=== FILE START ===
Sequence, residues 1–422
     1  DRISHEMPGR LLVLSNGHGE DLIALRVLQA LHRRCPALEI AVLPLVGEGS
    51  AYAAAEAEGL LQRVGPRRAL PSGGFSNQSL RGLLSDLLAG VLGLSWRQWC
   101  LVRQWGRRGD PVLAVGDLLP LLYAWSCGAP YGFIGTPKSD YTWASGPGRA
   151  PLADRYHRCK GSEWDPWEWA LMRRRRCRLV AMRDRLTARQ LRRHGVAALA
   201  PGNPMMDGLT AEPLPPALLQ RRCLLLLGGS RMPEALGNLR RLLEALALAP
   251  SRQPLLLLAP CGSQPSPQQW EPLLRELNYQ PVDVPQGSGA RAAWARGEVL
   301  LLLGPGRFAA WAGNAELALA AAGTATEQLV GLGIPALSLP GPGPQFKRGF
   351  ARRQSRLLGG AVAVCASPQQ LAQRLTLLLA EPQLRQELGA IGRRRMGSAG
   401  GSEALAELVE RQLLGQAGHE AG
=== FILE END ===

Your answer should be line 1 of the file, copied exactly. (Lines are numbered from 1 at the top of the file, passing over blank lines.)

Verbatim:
Sequence, residues 1–422